Wierd behaviour with align vs align_to, and get_width


I am working on some micropython based GUI design and I have come accross some very strange peculiarities with unexpected behaviour.

What MCU/Processor/Board and compiler are you using?

I have tested using the unix port of lv_micropython as well as the online simulator

What do you want to achieve?

  1. get_width()

I am trying to use the width of an object to set the size of another, however whenever I try to get the width of an object I get a size of 0. The only exception to this appears to be for the base lv.obj() with no parent which is showing the full screen width.

This can be seen by toggling commenting on lines 21/22 to show the set width works, and by toggling commenting on lines 152/153 to change the parent object.

  1. align vs align_to

I have two sub objects in my scr object (which is a child of another base lv.obj()). If I align the first object using top_bar.align(), the second object disappears. If, however, I use top_bar.align_to() the second object now appears. The two objects shouls be in no way linked. This effect can be tested by toggling commenting on lines 23/24.

Code to reproduce

Full code to reproduce can be found on the simulator here: LVGL/MicroPython Simulator

Object size (and position) is set according to the layout.
Usually, you are not supposed to read size and position of one object and set the size and position of another. Instead you should select and configure your layout. See the Flex layout documentation for example.

The reason you are getting 0 is probably because the screen was not “layed out” yet. You cannot expect sizes and positions to be set right after you create some objects.

Here is an example where a simple button is created. At the beginning its width is 0, only at later stage it gets the right dimensions.

Not sure about the details, probably also related to layout.
Please try Flex or Grid layout to position your objects.

Thanks for the responce,

I understand that this may partly be due to being drawn directly from a c library, but this seems very unintuitive from a python point of view.

I am currently not specifying any kind of layout, but what I am doing is specifying the size (I have tried both with set_size, and set_width & set_height). I would expect that these would provide values that could be read outside the object by using the appropriate get function.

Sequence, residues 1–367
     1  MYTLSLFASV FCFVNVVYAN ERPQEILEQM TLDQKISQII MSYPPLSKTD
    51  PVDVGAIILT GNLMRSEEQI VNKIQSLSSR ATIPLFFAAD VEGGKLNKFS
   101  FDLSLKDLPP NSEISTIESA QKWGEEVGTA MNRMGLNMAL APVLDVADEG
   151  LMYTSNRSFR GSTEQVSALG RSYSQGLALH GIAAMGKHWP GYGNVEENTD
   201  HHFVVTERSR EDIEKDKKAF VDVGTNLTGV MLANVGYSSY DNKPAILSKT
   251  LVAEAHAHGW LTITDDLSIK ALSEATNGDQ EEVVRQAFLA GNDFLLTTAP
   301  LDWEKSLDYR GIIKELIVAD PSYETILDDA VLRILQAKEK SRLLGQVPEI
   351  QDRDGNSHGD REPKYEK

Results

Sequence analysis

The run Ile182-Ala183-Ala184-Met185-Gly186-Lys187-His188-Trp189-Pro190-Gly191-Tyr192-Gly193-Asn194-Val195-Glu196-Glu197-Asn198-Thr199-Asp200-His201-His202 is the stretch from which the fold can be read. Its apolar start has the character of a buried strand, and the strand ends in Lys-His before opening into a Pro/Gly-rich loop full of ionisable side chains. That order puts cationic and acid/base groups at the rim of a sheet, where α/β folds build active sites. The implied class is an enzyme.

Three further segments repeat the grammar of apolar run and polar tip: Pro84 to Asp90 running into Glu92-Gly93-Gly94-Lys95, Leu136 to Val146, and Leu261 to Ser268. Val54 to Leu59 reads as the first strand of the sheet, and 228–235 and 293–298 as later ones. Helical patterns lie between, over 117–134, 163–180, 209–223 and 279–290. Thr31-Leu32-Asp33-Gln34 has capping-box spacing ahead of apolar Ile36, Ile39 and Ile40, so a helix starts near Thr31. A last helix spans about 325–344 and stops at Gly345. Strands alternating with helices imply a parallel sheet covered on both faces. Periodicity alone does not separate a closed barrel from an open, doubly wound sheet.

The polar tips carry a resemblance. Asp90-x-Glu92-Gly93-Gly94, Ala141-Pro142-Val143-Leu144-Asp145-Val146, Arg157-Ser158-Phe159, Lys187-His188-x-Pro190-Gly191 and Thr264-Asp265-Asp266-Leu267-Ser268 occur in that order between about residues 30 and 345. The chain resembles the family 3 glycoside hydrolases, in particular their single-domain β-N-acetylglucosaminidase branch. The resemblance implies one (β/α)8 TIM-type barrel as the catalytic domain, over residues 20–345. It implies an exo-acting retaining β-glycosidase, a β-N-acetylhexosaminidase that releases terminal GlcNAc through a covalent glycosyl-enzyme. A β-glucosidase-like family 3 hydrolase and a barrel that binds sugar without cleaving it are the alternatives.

I will have a look into layouts though.


I believe you need to run obj.update_layout() on an object before getting its width. This is because set_width updates the object’s internal width property, but does not cause the object’s bounding box to be recalculated immediately, for performance reasons.

get_width is just using the bounding box, not the style property, so it returns the default value of 0, since the bounding box isn’t recalculated till the object is drawn for the first time.

The behavior is slightly unintuitive, but the feature was necessary to avoid lag issues like this.

I updated your example with some update_layout calls; it may have fixed your problem.

Although, reading through the code more, I’m not sure if there would be any adverse effects if we ran lv_obj_update_layout for you here (and did the same for lv_obj_get_height).

@kisvegabor Am I missing something or am I correct in thinking that these are only used internally in contexts where the layout has already been updated? For example, lv_obj_align_to runs it for you.

Out of interest I have just looked throuhg the code in that file and there id quie a difference between align, and align_to. I’m assuming there are reasons for this, but align seems like it should be a specific case of align_to with base=obj.parent, is there a reason that this isnt the case?

It might cause problems in some cases. E.g. if flexbox calls get_width but it triggers layout refresh, it will call flexbox calculation again, which calls get_width which causes layout refresh… infinite cycle. Now there is a mutex in lv_obj_update_layout to prevent nested calls, but it’d be better to use it only for error detection.

Probably these can be avoided with careful design in layouts, i.e. use lv_area_get_width(&obj->corrds) instead.

Regardless of this, the performance drop should be negligible but it should be measured with the widget demo (I consider it as a typical UI).